Employment was up 290,000 over the prior six months, so it was only a matter of time that the jobs numbers would reflect the weakness in the overall economy.

Provincial Unemployment Rates
(% 2019, In Ascending Order)
Province Mar Feb
British Columbia 4.7 4.5
Saskatchewan 4.9 5.8
Manitoba 5.0 5.3
Quebec 5.2 5.3
Ontario 5.9 5.7
Nova Scotia 6.2 6.4
Alberta 6.9 7.3
New Brunswick 7.9 8.5
Prince Edward Island 8.9 10.3
Newfoundland and Labrador 11.5 11.8


Bottom Line: The Bank of Canada will remain on hold and possibly even cut interest rates if the economy slows further. There is little evidence that underlying inflation trends will rise. The headwinds of global uncertainty, weak trade, energy market vulnerability and the housing slowdown contribute to the Bank’s cautious stance.

In another trade loss, China has stopped buying Canadian canola seeds. About 40% of Canadian canola seed exports usually go to China. The Huawei dispute and potential Meng Wanzhou extradition has escalated trade tensions between Canada and China, seriously hurting Canadian farmers. As well, the US tariffs on steel and aluminum exports continue to weigh on the economy. It appears there is little prospect that the renegotiated Canada-Mexico-US trade deal will be confirmed by the US Congress this year, adding to the uncertainty.

All of this has led some to begin calling for a Bank of Canada rate cut. Higher interest rates alongside regulatory changes have already contributed to significantly slower household debt growth and housing markets.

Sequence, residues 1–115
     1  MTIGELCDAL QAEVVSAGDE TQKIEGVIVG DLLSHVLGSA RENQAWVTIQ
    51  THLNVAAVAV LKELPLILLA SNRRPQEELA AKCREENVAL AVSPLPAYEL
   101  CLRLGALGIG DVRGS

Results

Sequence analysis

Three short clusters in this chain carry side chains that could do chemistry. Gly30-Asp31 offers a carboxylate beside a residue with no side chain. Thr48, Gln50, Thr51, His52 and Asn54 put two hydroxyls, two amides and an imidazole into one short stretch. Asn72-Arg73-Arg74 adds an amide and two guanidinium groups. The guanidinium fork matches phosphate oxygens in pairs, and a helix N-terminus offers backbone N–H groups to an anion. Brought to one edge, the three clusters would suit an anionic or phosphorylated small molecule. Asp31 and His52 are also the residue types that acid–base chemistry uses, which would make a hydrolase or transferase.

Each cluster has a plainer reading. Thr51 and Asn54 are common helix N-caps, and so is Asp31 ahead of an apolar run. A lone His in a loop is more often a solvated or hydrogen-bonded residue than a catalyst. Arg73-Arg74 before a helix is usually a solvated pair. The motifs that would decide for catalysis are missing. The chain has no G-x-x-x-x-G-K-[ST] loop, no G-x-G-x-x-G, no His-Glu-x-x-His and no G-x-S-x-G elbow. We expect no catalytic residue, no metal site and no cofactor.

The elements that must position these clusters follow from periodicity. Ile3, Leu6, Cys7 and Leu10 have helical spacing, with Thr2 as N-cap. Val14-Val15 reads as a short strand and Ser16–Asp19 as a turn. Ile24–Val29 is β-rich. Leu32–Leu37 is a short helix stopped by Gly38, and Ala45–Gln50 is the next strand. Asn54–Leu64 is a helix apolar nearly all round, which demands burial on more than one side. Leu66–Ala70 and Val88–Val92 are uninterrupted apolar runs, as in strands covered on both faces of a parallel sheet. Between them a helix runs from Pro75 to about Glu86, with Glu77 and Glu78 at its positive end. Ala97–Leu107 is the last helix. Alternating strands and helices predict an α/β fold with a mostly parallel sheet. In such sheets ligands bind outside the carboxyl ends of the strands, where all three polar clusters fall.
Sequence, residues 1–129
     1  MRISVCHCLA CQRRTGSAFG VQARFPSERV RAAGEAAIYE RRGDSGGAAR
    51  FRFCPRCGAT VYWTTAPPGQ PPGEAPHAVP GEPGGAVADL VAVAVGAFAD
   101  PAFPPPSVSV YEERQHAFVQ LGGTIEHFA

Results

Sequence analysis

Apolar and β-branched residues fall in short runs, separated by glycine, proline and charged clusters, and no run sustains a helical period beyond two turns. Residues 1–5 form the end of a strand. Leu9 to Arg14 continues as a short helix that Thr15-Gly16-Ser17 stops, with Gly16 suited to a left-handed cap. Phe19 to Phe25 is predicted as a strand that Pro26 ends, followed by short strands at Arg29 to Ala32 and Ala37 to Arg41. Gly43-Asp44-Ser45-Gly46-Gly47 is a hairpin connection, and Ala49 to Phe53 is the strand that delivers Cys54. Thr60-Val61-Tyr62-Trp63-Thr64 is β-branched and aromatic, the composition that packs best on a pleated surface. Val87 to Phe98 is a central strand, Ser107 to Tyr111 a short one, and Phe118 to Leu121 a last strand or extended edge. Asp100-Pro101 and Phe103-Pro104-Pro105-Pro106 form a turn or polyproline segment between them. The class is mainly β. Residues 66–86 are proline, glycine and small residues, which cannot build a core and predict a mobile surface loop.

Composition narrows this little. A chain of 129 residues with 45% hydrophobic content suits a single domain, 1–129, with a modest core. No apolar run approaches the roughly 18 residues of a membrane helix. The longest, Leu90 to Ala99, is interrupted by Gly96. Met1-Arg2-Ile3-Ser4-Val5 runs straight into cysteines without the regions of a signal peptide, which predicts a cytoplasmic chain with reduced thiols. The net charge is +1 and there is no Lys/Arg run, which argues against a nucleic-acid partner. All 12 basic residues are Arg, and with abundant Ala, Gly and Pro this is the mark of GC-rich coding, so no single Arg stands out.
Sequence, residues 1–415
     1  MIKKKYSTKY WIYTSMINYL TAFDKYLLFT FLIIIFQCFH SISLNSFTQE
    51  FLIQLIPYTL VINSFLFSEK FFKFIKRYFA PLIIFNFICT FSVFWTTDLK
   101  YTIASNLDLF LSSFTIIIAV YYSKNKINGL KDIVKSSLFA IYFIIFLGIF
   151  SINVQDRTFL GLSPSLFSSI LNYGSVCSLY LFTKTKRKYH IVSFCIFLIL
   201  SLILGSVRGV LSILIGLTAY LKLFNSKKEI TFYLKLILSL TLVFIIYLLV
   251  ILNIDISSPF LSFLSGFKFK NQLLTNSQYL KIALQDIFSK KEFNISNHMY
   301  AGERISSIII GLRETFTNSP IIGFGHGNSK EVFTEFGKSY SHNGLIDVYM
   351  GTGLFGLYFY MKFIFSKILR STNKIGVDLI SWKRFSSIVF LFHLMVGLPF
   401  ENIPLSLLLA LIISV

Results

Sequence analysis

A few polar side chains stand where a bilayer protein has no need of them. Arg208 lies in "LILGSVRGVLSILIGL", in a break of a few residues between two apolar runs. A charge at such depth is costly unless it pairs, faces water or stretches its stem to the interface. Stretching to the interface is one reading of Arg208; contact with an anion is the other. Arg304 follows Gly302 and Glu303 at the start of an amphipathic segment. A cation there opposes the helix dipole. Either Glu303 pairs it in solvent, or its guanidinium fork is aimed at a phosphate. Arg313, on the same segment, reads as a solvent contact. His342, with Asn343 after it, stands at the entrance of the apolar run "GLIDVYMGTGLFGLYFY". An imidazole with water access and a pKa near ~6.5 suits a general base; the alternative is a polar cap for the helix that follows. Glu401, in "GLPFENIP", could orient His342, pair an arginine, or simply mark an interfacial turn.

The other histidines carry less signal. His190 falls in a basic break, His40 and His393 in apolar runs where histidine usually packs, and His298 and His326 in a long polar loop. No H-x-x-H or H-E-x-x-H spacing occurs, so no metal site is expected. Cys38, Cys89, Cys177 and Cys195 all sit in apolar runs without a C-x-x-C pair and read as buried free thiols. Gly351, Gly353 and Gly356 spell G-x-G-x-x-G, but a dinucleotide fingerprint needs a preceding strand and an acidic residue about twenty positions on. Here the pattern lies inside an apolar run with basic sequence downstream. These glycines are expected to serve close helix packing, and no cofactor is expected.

Housing Markets Remain Soft in March in Vancouver and Toronto

According to local real estate boards reporting this week, the end of winter did not spark a flurry of home buying in Vancouver and Toronto. Fragile market conditions deteriorated further in Vancouver where policy measures introduced by all levels of government continue to keep buyers on the sidelines. Home resales fell to their lowest level since 1986 (down another 7% from February), and the benchmark price eased for a ninth-straight month (down 8.5% since the June 2018 peak). Property values in the GVA are likely to remain under intense downward pressure in the near term.

March activity was the slowest in 10 years in Toronto. Resales increased a little less than 2% month-over-month (on a preliminary seasonally-adjusted basis)—minute in comparison to the 13% month-over-month drop in February. A lack of supply could have been a factor holding back activity as new listings fell 4.5% from a year ago. This possible explanation finds some support in the fact that the benchmark price rose at a faster pace in March (2.6% y/y) than February (2.3%)—suggesting that buyers had to bid more aggressively in the face of limited supply.

This winter has been particularly hard on residential real estate markets across most of Canada. The March results published in the last couple of days in Vancouver and Toronto—as well as in Victoria, Calgary and Hamilton—offer little in the way of a meaningful rebound during the all-important early spring season. While recent declines in mortgage rates and the new first-time home buyer incentive announced in the 2019 federal budget could be catalysts for a rise in activity later this year, the stress test and other market-cooling policy actions will continue to weigh heavily on buyers.

We will have more complete data on housing mid-month when the Canadian Real Estate Association releases national and local data.